By Andrew Walker
BBC economics correspondent in Buenos Aires
A recent report questions the need to cut emissions now
The United Nations climate conference underway in Buenos Aires is the last such gathering of its kind before the Kyoto Protocol comes into force.
The protocol requires countries that ratify it to make cuts in emissions of the gases that are thought to cause global warming.
Although many developed countries are going ahead with this agreement, there is still a debate about whether it makes economic sense to tackle climate change vigorously now.
Rising temperatures are expected to cause economic losses for many people; damage caused by more frequent severe weather, rising sea levels and lower crop yields in some places.
But curbing climate change also has costs for business, because the main method is to limit the use of fossil fuels to produce energy.
Some argue that it makes no sense to incur these costs in the near term to avoid damage in the more distant future.
Bjorn Lomborg, a Danish academic, recently brought together a group of leading economists to assess what major global problems should be tackled.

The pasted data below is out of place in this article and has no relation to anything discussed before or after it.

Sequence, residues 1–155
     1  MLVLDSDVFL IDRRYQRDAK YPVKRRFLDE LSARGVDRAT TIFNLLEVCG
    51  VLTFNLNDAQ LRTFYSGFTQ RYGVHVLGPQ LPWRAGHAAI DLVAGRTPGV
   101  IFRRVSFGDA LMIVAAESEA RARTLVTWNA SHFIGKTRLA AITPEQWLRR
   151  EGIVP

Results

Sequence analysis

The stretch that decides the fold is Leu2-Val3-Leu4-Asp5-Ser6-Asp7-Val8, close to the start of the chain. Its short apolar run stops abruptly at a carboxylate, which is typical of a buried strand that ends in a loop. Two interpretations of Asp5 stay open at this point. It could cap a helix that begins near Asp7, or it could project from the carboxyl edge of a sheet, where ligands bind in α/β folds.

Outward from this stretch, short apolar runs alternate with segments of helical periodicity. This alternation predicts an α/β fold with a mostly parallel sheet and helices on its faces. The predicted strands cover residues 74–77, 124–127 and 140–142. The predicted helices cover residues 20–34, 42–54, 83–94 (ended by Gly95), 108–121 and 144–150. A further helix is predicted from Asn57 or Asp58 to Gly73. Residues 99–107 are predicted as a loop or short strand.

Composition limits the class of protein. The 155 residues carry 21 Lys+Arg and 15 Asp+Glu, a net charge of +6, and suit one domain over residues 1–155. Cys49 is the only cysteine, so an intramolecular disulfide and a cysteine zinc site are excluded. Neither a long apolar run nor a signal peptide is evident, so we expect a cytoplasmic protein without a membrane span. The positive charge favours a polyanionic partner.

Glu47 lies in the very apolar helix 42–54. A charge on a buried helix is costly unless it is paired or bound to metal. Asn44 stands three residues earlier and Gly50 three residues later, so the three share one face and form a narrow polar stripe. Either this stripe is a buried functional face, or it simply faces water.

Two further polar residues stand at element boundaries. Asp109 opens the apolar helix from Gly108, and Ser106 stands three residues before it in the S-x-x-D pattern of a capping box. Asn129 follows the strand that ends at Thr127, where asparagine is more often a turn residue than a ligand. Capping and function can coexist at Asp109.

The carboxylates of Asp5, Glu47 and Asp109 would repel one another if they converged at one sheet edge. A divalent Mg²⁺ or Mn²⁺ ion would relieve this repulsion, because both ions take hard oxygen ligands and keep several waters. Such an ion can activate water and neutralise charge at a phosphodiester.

Implementing the Kyoto Protocol to reduce rich countries' emissions came out badly in their assessment.
"There are actually many other things where we can do an enormous amount of good for fairly little money, whereas Kyoto and other gains like that are going to be somewhere where we can do fairly little good at a very high cost," says Dr Lomborg.
One key reason for that conclusion was that the benefits of curbing emissions are in the relatively distant future, while the costs of implementing the Kyoto Protocol would come much sooner.
But Richard Bradley, of the International Energy Agency, says there is a very good case for taking action soon.
"These gases stay in the air for a hundred years and longer so if you put things off then you are taking the risk that you won't be able to reduce the effect," he says.
"A choice to put CO2 in the air today is something we live with for a hundred years."
He also argues that it is possible to make good progress in reducing emissions at moderate cost and adds that at least some of the rich countries' governments believe that the economic costs of climate change are already being felt.